Thinking (and Reading) About Cultural Politics

When I was an intern at the Dallas Museum of Art, the museum attempted to buy at auction A Grand View of the Seashore, a large seascape painted around 1774 by the French artist Claude-Joseph Vernet (1714-1789). This wasn’t any ordinary art purchase. A Grand View of the Seashore is actually the companion piece to another Vernet painting, Landscape with Approaching Storm, which is part of the DMA collection. The paintings meditate on the interactions between humanity and nature. A Grand View of the Seashore offers a peaceful scene conducive to human commerce and other activities, with its warm palette of peach, yellow, and pale blue underscoring its sense of calm. Landscape with Approaching Storm, by contrast, explores the more tempestuous side of nature, with craggy mountains, a darker palette of blues and grays, and diagonal rainclouds bringing a foreboding, energetic quality to the scene and sending its tiny humans running for shelter. Commissioned by Lord Lansdowne, the paintings had been separated since 1806 after being sold to separate private collections. The upcoming auction represented a rare opportunity to reunite the paintings for the first time in over two hundred years.

I was there when the bidding for A Grand View of the Seashore took place. I remember crowding into my supervisor’s office with my fellow interns in the European and American art departments to watch the auction online. We were excited because we thought the museum had a good chance of getting the painting, which would be a boon to scholars and art enthusiasts alike. To have these paintings reunited in a public collection; how art historically significant!

The DMA’s bidding limit was two million dollars. Think about that for a minute. Two million dollars for one painting. For comparison, that was double the entire annual budget of the Roswell Museum and Art Center when I was working there. Despite our optimism, the DMA never stood a chance. Within a minute of the opening bid, private collectors annihilated our prospects, and the painting ended up going for about 8 million dollars. While the painting was loaned for a temporary exhibition, that day was one of the most disheartening of my museum career up to that point, and it underscored the significance of money to the art world for me. While museums and other institutions often downplay the monetary value of their collections to the public, the truth is, money is key to their success as cultural institutions. Whoever controls the purse strings arguably controls the culture, or at least the ones considered mainstream or normative.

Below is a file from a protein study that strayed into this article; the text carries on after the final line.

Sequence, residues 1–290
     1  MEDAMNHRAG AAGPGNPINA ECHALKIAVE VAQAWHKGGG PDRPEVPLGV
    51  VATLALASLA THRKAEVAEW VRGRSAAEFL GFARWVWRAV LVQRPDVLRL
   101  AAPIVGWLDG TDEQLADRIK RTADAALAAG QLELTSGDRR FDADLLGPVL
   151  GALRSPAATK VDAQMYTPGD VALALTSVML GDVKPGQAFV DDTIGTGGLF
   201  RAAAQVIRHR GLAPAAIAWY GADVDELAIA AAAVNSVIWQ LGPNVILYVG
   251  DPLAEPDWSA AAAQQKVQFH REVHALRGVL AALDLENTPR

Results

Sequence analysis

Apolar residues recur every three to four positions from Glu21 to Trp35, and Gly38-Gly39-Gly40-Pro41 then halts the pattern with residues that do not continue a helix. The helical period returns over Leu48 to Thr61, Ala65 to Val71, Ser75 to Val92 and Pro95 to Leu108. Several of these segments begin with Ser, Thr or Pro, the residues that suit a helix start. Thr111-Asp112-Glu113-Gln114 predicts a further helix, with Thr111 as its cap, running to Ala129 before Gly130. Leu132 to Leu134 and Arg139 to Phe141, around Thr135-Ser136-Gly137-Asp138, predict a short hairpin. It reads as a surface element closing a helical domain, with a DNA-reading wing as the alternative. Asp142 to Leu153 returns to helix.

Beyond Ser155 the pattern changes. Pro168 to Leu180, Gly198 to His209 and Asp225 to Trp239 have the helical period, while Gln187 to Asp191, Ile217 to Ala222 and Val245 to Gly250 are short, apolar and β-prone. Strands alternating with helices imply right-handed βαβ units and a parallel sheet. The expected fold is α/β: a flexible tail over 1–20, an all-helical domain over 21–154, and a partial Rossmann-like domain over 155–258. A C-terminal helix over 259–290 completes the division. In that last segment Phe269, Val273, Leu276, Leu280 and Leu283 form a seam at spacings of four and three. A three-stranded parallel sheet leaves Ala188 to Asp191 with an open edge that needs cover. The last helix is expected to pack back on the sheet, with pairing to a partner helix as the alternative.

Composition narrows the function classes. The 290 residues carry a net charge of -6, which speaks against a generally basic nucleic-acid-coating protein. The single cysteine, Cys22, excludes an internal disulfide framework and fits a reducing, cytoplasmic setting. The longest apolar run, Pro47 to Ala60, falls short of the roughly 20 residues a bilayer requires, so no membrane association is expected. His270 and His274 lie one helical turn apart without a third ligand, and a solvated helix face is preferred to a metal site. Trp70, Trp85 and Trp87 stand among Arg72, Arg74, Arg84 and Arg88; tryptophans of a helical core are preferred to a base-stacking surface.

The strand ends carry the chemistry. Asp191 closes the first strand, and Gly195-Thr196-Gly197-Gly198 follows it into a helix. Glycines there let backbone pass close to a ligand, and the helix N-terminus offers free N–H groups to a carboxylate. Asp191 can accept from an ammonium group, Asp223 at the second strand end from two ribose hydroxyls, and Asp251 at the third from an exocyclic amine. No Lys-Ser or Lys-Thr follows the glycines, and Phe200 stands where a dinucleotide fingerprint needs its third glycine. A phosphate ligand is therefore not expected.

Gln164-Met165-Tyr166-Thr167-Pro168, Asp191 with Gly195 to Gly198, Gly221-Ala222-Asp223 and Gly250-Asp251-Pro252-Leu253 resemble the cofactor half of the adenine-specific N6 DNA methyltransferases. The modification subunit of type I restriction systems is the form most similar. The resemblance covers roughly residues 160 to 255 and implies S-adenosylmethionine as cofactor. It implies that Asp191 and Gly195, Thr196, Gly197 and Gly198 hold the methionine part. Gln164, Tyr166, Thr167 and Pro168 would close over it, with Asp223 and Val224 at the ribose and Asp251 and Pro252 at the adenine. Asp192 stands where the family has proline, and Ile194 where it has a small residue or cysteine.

I’ve been thinking about that day a lot as I’ve been working through the final section of my art history reading list, which focuses on cultural politics. Several of these readings focus outright on the significance of money to the art world, and the influence that private and government donors alike exert over culture when they’re the ones funding it. Mark Rectanus’s Culture Incorporated looks at corporate sponsorship as a significant means of cultural production in globalization. He examines how corporate sponsorship influences culture through a variety of media, including museum exhibitions, advertising campaigns with artists, supporting cultural events, globalizing museums, or advocating for technology. In Artwash, artist and activist Mel Evans considers the connection between big oil and the art world as articulated through the various branches of the Tate Museum in the UK. In the wake of declining government support, big oil has stepped in to provide funding to museums and other institutions, an act that is ultimately self-serving on the part of the businesses doing philanthropy. Evans argues that BP uses art and museums as a way of legitimizing its business practices by distracting the public from their operations to focus on their art sponsorship, a process she calls artwashing. As a result, art institutions not only implicitly express their support for an ecologically and socially destructive business that reinscribes colonial inequality while destroying ecosystems, but also constrain their ability to speak out against social injustices because they allow such industries to influence their programming through the money they give.

While many of the texts I’ve looked at focus on private sponsorship, others consider government funding. In Federalizing the Muse, Donna M. Binkiewicz looks at the history of the National Endowment for the Arts and its antecedents. Her overarching argument is that the arts benefited from federal involvement, and that while much-maligned today, the NEA actually accomplished quite a bit given the constraints it experienced. She also complicates our understanding of both the NEA and the politicians who supported it. For example, she posits that the NEA was a more moderate institution than conventionally portrayed by neoconservatives. She notes that it often supported projects aligned with Abstract Expressionism, an art form that by the 1960s was no longer avant-garde in the way that say Pop Art, Feminist art, Black art, and other postmodern forms were. Instead, the NEA took an uplifting approach that aimed to educate viewers in the forms of high art rather than popular culture, while simultaneously espousing such supposedly American ideals as individual liberty and freedom, qualities that were believed to be best encapsulated by the individuality and seeming apolitical nature of Abstract Expressionism.